Her Majesty The Queen pays historic visit to BFI Southbank

Today Her Majesty, Queen Elizabeth II visited BFI Southbank marking 60 years of the BFI’s first permanent cinema on London’s South Bank – the National Film Theatre (NFT) in a celebration of British film in this Jubilee year.

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Hosted by BFI Chair, Greg Dyke and BFI CEO, Amanda Nevill, The Queen unveiled a commemorative 60th anniversary plaque and met a range of BFI staff, local school children and special guests from the world of film, including The King’s Speech director Tom Hooper and Richard Ayoade, director of Submarine.

The BFI also announced today that it is working with the BBC to digitise The Royal Collection. The BFI National Archive has looked after the Royal Collection since the late 1960s and is a mixture of films presented to the Royal Household including newsreels and private family films which are unique to the Collection and date back to the late 1920s. Some of the content is already available to the public and some more will be made so for future generations through digitisation.

At BFI Southbank The Queen also visited the new BFI Reuben Library, the Mediatheque, the BFI cinemas and also met 16 pupils from Telferscot primary school, Lambeth. The pupils, aged between 10 and 11 years old, have spent the last three months creating their own animated films based on the Jubilee year and shared their work with The Queen.

Before an invited audience, longstanding BFI supporter Jonathan Ross presented to The Queen a handpicked screening of rare items from the BFI National Archive, including some royal home movies with King George VI, Queen Elizabeth, Princess Elizabeth and Prince Charles as small baby, the first film to feature a monarch – Queen Victoria, Scenes at Balmoral (1896) and one of the first ever British films The Derby from 1895.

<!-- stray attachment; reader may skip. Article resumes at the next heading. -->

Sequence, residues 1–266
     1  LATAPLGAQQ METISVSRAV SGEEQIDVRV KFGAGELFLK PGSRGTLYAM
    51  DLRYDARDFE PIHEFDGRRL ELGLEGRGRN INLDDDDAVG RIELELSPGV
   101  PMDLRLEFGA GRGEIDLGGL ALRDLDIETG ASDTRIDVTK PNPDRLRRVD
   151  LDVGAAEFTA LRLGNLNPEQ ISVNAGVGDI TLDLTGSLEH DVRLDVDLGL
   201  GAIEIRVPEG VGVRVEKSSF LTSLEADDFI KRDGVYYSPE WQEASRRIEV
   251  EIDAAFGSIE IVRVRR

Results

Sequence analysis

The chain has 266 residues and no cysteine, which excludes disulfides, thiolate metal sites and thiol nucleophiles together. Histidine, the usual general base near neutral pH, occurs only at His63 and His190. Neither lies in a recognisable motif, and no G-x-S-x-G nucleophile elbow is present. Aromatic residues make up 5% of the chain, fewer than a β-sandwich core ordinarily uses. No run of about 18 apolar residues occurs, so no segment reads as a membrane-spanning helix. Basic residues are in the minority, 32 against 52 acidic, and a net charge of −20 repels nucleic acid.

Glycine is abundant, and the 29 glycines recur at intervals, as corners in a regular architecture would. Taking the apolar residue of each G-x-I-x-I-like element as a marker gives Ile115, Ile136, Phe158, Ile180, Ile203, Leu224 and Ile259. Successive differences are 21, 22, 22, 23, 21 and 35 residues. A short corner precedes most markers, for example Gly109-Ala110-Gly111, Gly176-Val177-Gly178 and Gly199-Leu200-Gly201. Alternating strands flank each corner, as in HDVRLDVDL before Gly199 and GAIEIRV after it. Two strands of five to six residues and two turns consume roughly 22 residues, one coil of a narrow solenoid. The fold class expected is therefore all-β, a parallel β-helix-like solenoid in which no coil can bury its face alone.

Greg Dyke, BFI Chair said:

Given that the moving image wasn’t invented until the end of the 19th century I find it extraordinary to think that Her Majesty Queen Elizabeth II has been on the throne for more than half the time that film has been in existence.

When we built BFI Southbank, it was a temporary structure in a less than ideal location under Waterloo Bridge.  Who could have predicted then that, 60 years on, film would become one of the world’s greatest and most accessible art forms, supporting a huge industry. And no one would have predicted we’d still be under the bridge!

We need to build on success. And today’s visit from The Queen represents a milestone where we look towards the time when we can build a new Film Centre here on the Southbank that has the scale and magnitude worthy of representing the British film industry.

Robin Baker, head curator of the BFI National Archive, outlined how the BFI has restored, preserved and spectacularly screened with live scores the nine surviving silent films of Britain’s greatest filmmaker, Alfred Hitchcock which premiered as a key element of London 2012 Festival, the Cultural Olympiad. The presentation included a reel that demonstrates the restoration work that the BFI has undertaken over the last three years and the remarkable transformation of the films.

The centrepiece of the big screen presentation was a short programme of rarely seen, silent films from the BFI National Archive showing major milestones and innovations in early British cinema. The programme demonstrated the importance of preserving these films for future generations to enjoy and featured a live piano accompaniment by Neil Brand, one of the world’s leading silent film pianists.

Extracts from the following films were used:

The Royal Collection – private family films (1949 and 1952)
The advent of amateur film gauges produced on safety film transformed the way in which families across Britain were able to record their lives. Among the most beautiful amateur films held in the BFI National Archive are the 16mm Kodachrome films from the Royal Collection. Extract 1 shows a brief scene featuring King George VI, Queen Elizabeth, Princess Elizabeth and Prince Charles as small baby. Extract 2 shows the 3-year old Prince Charles riding his pony.

The Derby (1895)